Located near the mills on the Mississippi River in Minneapolis, the Guthrie Theater is French architect Jean Nouvel’s powerful interpretation of two distinct precedents: the nineteenth-century milling structures of the surrounding area and the thrust stage of the original Guthrie, designed by Ralph Rapson in 1963 and demolished in 2006.
The 285,000-square-foot building’s daring, engineered forms and industrial scale complement the city’s Mill District, which is centered at this location on both banks of the Mississippi River and includes nearby St. Anthony Falls, the Stone Arch Bridge, the Hennepin Avenue Bridge, and, most prominently, industrial ruins brought together by the Mill City Museum. The western side of the river, where the Guthrie is located, was home to the Washburn A Mill, the world’s large flourmill at a time when Minneapolis was the international flour capital.
The Guthrie Theater’s architectural form is complex yet pragmatic, as it clearly presents its interior arrangement of stages and storage on the exterior. The forms recall the mills adjacent with their functional, vertical, and elemental shapes. The curved structure on the Guthrie’s western elevation echoes the adjacent grain elevators and indicates the presence of the thrust stage within. Inside, the escalators that run from the first floor all the way to the fourth are among the longest in the country. Their extended, gradual rise suggest the long, angled grain conveyors of the mills, and provides visitors with a coherent spatial sequence as they arrive at the various stages within the building. Soaring over the riverfront, LED diodes rise eighty feet above the building and are especially dramatic at dusk. At all hours they display information about the Guthrie and mimic the soaring chimney forms that are part of old power plants and mills.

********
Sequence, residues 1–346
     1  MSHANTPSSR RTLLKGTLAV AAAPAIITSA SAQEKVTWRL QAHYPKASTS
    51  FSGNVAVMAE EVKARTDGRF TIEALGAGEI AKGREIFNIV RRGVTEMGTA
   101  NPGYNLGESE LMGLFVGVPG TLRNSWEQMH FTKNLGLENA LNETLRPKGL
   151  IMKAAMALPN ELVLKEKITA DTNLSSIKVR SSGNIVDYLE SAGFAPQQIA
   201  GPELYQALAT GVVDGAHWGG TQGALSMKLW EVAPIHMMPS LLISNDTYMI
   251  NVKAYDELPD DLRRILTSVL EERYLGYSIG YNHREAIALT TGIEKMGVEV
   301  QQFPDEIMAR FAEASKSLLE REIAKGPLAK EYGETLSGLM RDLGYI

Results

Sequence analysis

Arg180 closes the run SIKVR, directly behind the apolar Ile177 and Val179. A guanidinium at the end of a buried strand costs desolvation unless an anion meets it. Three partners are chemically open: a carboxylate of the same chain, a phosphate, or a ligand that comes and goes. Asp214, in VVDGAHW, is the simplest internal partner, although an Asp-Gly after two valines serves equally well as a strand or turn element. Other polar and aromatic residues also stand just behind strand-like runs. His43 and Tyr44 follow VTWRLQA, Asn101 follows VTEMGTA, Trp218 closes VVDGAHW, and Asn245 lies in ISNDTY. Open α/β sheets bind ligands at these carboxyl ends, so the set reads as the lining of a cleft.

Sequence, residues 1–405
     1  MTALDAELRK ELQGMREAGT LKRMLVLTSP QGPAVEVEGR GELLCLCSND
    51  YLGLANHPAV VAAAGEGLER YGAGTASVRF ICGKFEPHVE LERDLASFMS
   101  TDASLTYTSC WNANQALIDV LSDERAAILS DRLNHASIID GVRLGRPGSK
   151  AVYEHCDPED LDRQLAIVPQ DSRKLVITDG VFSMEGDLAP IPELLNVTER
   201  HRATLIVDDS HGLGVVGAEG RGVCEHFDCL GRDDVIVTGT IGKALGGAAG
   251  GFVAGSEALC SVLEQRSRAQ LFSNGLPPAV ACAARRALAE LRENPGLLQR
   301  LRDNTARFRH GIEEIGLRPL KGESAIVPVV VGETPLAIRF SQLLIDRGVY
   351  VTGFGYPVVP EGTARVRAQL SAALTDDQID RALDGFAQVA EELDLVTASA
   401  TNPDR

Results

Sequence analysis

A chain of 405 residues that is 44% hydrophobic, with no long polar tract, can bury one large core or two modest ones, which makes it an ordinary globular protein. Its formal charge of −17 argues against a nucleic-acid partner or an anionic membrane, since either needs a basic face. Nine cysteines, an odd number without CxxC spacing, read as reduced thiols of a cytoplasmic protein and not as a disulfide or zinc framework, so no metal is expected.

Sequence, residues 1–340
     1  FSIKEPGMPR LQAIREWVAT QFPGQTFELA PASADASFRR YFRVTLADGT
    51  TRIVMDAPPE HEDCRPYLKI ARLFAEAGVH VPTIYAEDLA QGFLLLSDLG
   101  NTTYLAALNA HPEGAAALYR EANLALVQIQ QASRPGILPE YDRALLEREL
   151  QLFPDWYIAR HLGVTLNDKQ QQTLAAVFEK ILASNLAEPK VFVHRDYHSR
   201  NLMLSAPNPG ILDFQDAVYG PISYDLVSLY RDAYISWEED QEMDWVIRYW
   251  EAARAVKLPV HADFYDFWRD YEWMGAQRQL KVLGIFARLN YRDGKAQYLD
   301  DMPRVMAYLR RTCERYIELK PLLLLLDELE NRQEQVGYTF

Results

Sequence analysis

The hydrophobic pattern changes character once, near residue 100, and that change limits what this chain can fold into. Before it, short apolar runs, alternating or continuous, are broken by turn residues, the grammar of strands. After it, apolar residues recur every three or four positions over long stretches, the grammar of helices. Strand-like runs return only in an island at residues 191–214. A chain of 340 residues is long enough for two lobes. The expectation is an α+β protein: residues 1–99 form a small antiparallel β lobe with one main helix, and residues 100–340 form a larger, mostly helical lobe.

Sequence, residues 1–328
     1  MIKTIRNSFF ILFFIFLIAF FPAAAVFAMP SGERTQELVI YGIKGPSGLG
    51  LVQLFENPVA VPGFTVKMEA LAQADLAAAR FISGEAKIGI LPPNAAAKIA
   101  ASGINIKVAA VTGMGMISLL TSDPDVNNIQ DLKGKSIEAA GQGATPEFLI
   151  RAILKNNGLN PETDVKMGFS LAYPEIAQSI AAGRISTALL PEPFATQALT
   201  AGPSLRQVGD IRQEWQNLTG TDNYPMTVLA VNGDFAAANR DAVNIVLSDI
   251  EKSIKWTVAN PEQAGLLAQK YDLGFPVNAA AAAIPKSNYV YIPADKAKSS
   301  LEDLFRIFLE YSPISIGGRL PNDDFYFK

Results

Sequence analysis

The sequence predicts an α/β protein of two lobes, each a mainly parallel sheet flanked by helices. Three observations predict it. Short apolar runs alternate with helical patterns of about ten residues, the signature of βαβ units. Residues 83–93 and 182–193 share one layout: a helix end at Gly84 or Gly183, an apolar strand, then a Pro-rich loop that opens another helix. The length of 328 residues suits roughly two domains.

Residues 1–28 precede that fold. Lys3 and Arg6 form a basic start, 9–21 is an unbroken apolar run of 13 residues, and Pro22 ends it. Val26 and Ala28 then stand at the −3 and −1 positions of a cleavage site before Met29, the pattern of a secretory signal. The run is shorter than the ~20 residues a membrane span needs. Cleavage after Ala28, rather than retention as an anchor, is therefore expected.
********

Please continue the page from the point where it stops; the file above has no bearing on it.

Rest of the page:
There is a theatricality to the exterior, not only in its dramatic form, but in its cladding in dark blue metal panels and glass. These CENTRIA Formawall Dimension Series panels were the result of many studies by the architectural team. The insulated metal composite panels have a one-piece design that permits a complete, thermally efficient, high-performance wall to be installed quickly and economically. At the entrance level, the panels are screen printed with supergraphic images of famous playwrights, a bold visual device that offers a reminder of the long history of the theater. The darkness allows the building to disappear as the sun sets along the Mississippi. At dusk, as the sky darkens and show times begin, audiences experience a building that begins to glow from within as they are welcomed as a new part of theater history at the Guthrie.
Another key component of the building is the “Endless Bridge,” a cantilevered steel-truss structure extending 178 feet from the building above the West River Parkway and toward the Mississippi River—the longest utilized cantilevered space in the world when completed in 2006. It has a tiered seating area and windows that are set at predetermined sightlines to frame the view of the surrounding landscape. Theatergoers can visit this space before, during, or after a performance, capturing the landscape and city as part of the experience.